Shadowlessness: the exhibition, museum, gallery space

1000

100

10

1

Formulations on Practice

text, exhibition and installation

 

 

- TEXT -

The text was as a result of reflections from museology/curation classes hosted at the Van Abbemuseum (Eindhoven, NL) with one of its curators, Steven ten Thij.

 

 

1000 - The event as such; transitioning from an exterior space of variable lighting conditions, we enter a container where light presents itself in a controlled and possibly uniformed manner; the museum, gallery, exhibit space. On entering we arrive in an interior area, an opening, an entrance space that fuels to act in sync with the exterior lighting conditions, this all to allow for a visual adjustment of ease(1), we are after all entering a space that is predominately a visual experience, highlighted as such by "The Eye" within Brian O'Doherty's "Inside the White Cube"(2). Subsequently, after the lighting transition we are now conditioned and washed, ready to accept the light within the deeper gallery, exhibit where the 3D objects situate, here we transcend into a space consisting of an altering perception of time. In particular, this time altering perspective arises from the stillness of the light sources that are used to frame, highlight or embody the objects. A stillness not present in the exterior world, where natural changes in the daylight aid our circadian rhythm, shadows suggest the presence of time, interpreting "to the eyes the life cycle of the hours and the seasons"(3, p303). In the event described, the space lacks this change in lighting and time.

 

"The outside world must not come in, so windows are usually sealed off. Walls are painted white. The ceiling becomes the source of light"(2, p15)

 

Casting itself diffusely, the source hangs, the panel of light, the interior sky of consistency, clouding over the objects umbrella within. 3D objects standing drained, an evenly proportioned haze presenting itself in a lost passage of time. Situated, the objects are within an event of no perceived ending. The diffuse panel remains, scattering the rain of light rays, suggesting that but a mere hint of a static shadow. An attached shadow which does but "lie directly on the object"(3, p315). The audience they wander observatory of this captured moment, for this is the set-up, this is the static stage in which they know only of which the objects to be. Interiority here, the objects know of no natural time. "The Eye" whom can be perceived as wanting to converse with the object. With no shadow, "an integral part of the object"(3, p315), there is no life which natural light, over the course of the day could bring, the discrepancies; as the audience takes in, balances, weighs, discerns, perceives"(2, p42) an object presented in one-time. All as a description for a stage, a perceived even spread of drenching light, even tints, the wash out of object shadows, created by a diffuse light source.

 

"By working absolutely in self-regulation without nature, it organized an unusual lifestyle with its own cycle"(4).

 

On comparison; the exterior versus interior diffuse lighting conditions. An overcast diffuse light exterior to the gallery space, presents itself as a heavily cloudy day; weather conditions of saturation, grey. Overcasting can also be used as a description for the diffuse light source panel. In the interior; the objects do not know of this day, to them a cloudy day is bright, a constant stream of being awake, a state of anti-fatigue induced conditions(1), comparative to that of the Arctic Summer, such where the male Artic Owl is at a continuous hunt, performing ones duty perpetually, repetitively(5). It can be questioned, to provoke the idea such; exteriority 'out' of the space is channelled 'within' the self-regulated interiority of space, replicating one to another, to bring the cloudy, subdued within. There is some stillness to a monotonous cloudy day, as there is stillness within the diffuse lit gallery, exhibit space described. The even colour tint, shallow gradient provides somewhat a flatness. A cloudy exteriority, drawn in for a cloudy interiority, is this an implication of the mood, the composure, the developed etti-quiet within the space imposed on the objects?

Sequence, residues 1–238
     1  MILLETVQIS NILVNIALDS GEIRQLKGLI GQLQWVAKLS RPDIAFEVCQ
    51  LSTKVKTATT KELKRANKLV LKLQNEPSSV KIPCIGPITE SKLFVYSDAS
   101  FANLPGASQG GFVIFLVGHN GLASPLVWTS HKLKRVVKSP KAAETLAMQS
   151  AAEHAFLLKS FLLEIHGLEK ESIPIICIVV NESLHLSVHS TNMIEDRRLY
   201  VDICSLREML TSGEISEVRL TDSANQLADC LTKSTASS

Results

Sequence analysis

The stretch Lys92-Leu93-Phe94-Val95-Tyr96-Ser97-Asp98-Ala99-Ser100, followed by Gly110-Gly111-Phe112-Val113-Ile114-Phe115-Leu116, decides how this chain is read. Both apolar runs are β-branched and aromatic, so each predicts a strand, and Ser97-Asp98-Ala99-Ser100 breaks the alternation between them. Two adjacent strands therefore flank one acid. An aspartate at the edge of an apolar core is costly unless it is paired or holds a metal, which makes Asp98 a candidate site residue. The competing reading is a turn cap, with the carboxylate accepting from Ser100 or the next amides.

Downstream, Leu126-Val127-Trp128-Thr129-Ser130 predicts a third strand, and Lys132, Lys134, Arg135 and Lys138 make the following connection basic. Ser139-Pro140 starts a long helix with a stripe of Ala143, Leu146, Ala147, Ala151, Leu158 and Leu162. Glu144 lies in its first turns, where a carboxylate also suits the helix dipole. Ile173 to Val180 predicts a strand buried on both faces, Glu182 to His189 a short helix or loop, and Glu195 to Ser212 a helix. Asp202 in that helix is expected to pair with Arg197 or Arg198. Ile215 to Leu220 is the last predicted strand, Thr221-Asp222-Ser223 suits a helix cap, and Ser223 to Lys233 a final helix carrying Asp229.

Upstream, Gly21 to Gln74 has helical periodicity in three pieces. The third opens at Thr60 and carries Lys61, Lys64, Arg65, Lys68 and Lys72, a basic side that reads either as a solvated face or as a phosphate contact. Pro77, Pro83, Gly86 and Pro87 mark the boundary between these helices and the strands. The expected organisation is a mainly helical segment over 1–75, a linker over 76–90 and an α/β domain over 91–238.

The fluctuating exterior natural light provides us with time rhythm cues across a day, the interiority described lacks this movement. How can the 3D objects 'react' or 'move' within a space lacking shadows, lacking a fundamental expression of time? The objects under these conditions, to the impermanent audience are fixed with one set of behaviours and demeanour; in a constant state of duty, of presentation, of smartness, of display. The need for the 3D objects to always look their best, they are given no rest, as to be in a state of continuous formality. "Perception from life to formal values is complete"(2, p14).

 

Both implying the bright, drenching of light over a scene: "Goethe says of the sun that it receives an immaculate view of the world "because it never saw the shadow" and the amateur photographer obtains flat pictures when he mounts the flash bulb on the camera"(3, p311).

 

A scene of a coating, soft, the diffuse light "softens the edge's structural role"(2, p22). A loss of defined distinction, fluidity, merging the gallery space and the object, washing together, the combination of both as one, absorbing flatness, a horizontal plane, merged together, bound together to produce an even set of aesthetics, enhancing the temporary audiences' sense that this is the only shallow conditions that the object knows to be, tethered together within the gallery space, in a sense of one-time, diffuse time. The condition as such somewhat hinting to inquire into shadows is to inquire into edges. Shadows produce an enhancement of the visual edge, bordering and framing the object. The light, the lack of shadows producing the illusory composition; object "posed between infinite depth and flatness"(2, p19), within that moment a set of conditions prevailing everywhere and ceaselessly.